An Inherited IRA is a retirement account that is left to a beneficiary after the owner’s death. It is important to have a general knowledge of how Inherited IRA’s work because a minor error in how the account is set up could lead to major tax consequences.
Before going into the different kinds of Inherited IRA’s, if you are the sole beneficiary of your spouse’s IRA, you are able to transfer the assets to your own existing IRA or to a new IRA through what is called a “Spousal Transfer”. This account is not treated as an Inherited IRA and therefore is subject to all the rules a Traditional IRA would be subject to as if it was always held in your name. If the spouse needs to have access to the money before age 59 ½, it would probably make sense to set up an Inherited IRA because this would give the spouse options to access the money without incurring a 10% early withdrawal penalty.
Withdrawal Rules for Spouse & Non-Spouse Beneficiaries
Once an Inherited IRA account is opened, distributions are required from the account no matter your age. If the Inherited IRA was originally from a pre-tax account (i.e. Traditional IRA, SEP, SIMPLE IRA) then each distribution will be subject to tax. If it is an Inherited Roth IRA, there will be no tax consequence on these distributions. Also, since it is an Inherited IRA and you are required to take distributions, you will not have to pay the 10% early withdrawal penalty if you are under the age of 59 ½.
Different Ways to Set Up an Inherited IRA
The two most common ways to set up an Inherited IRA are mentioned below. The way the funds are distributed is dependent on how the Inherited IRA is set up and it is important to speak with your financial advisor and tax preparer to determine which method is best for you.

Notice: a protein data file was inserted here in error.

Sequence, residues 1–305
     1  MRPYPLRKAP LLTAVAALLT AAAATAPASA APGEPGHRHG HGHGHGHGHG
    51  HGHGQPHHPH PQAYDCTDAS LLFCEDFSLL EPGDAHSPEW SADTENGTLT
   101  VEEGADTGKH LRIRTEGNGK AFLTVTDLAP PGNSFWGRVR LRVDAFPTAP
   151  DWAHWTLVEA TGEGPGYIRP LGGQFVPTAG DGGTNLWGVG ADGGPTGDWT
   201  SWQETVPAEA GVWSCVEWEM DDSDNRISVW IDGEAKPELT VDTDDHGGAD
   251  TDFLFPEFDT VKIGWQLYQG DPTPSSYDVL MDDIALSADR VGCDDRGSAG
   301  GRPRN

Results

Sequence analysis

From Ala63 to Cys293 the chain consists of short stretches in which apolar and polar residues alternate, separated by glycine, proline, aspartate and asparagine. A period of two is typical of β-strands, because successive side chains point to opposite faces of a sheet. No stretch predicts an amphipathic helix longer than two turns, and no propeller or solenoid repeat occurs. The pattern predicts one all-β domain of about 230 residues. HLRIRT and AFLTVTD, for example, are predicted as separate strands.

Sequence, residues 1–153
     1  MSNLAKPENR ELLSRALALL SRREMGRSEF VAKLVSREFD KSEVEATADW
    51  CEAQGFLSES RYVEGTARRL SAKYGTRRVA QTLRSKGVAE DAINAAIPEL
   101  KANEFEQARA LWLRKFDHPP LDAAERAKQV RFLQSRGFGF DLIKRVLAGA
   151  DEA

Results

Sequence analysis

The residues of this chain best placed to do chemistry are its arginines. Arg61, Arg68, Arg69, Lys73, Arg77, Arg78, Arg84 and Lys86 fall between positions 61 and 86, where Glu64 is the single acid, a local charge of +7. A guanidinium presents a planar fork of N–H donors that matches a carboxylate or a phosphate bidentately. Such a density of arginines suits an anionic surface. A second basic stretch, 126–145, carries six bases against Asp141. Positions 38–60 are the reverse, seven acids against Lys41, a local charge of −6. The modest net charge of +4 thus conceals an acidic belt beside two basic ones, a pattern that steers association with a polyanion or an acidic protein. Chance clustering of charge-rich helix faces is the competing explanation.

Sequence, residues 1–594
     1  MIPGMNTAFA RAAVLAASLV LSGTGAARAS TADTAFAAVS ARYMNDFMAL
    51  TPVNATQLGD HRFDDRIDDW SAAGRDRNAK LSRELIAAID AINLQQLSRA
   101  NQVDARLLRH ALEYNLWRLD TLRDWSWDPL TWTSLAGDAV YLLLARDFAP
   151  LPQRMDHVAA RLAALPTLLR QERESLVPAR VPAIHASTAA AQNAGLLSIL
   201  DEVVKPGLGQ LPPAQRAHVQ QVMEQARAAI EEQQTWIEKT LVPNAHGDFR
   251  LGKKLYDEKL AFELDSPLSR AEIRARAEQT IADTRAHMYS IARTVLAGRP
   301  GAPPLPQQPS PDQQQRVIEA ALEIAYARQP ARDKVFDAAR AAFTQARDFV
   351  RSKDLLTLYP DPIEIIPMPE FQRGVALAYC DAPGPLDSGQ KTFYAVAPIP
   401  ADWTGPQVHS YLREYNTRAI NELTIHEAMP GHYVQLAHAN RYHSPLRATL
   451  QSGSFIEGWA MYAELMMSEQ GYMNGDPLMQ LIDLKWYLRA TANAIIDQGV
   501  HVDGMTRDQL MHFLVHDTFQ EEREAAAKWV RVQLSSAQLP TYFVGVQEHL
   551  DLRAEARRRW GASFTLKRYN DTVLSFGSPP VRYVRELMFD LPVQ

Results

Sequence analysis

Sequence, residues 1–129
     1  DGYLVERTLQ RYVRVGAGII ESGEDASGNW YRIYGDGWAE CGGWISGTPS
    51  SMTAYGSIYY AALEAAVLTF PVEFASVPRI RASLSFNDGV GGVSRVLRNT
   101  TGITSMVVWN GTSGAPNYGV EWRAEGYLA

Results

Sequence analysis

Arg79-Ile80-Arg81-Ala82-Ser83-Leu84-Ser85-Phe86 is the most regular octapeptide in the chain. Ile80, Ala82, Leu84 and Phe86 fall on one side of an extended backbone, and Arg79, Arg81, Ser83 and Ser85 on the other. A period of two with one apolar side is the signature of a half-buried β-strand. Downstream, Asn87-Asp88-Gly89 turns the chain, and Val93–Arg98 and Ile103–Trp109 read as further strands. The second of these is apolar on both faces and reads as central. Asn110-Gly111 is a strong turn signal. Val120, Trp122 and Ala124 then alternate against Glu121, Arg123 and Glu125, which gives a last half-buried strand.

Life Expectancy Method
A calculation is used to determine the distribution amount needed annually spread over your single life expectancy. It is important to know that a distribution must be taken by 12/31 of the year following death or this method is no longer an option because there must be an annual distribution. In this case, the funds will be subject to the 5 year method explained next.
5 Year Method
All the assets must be distributed by the 5th year after the year in which the account holder died. This method is no available if the account holder was older than 70 ½ at the time of death. This option may make sense compared to the Lump Sum option explained next to spread out the tax liability over a longer period.
Lump Sum Distribution
You may take a lump sum distribution when the account is inherited. It is recommended that you consult your tax preparer to discuss the tax consequences of this method since you may move up into a different tax bracket.
If the decedent was required to take a distribution in the year of death, it is important to determine whether or not the decedent took the distribution. If the decedent was required to take a RMD but did not do so in the year they passed, the inheritor must take the distribution based on the life expectancy of the decedent or the distribution will be subject to a 50% penalty. Distributions going forward will be based on the life expectancy of the inheritor.
It is important to be sure a beneficiary form is completed for the Inherited IRA. If there is no beneficiary and the account goes to an estate then the inheritor will have limited choices on which distribution method to choose among other tax consequences.
You are only able to combine Inherited IRA’s if they were inherited from the same individual. If you have multiple Inherited IRA’s from different individuals, you cannot commingle the assets because of the distributions that must be taken.
There is no 60 day rule with Inherited IRA’s like there is with other Traditional IRA’s. The 60 day rule allows someone to withdraw money from an IRA and as long as it’s replenished within 60 days there is no tax consequence. This is not available with Inherited IRA’s, all non-Roth distributions are taxable.
The charts below are from insurancenewsnet.com publication titled “Extended IRA Quick Reference Guide” give another look at the details of Inherited IRA’s.
Hi, I’m Rob Mangold. I’m the Chief Operating Officer at Greenbush Financial Group and a contributor to the Money Smart Board blog. We created the blog to provide strategies that will help our readers personally , professionally, and financially. Our blog is meant to be a resource. If there are questions that you need answered, pleas feel free to join in on the discussion or contact me directly.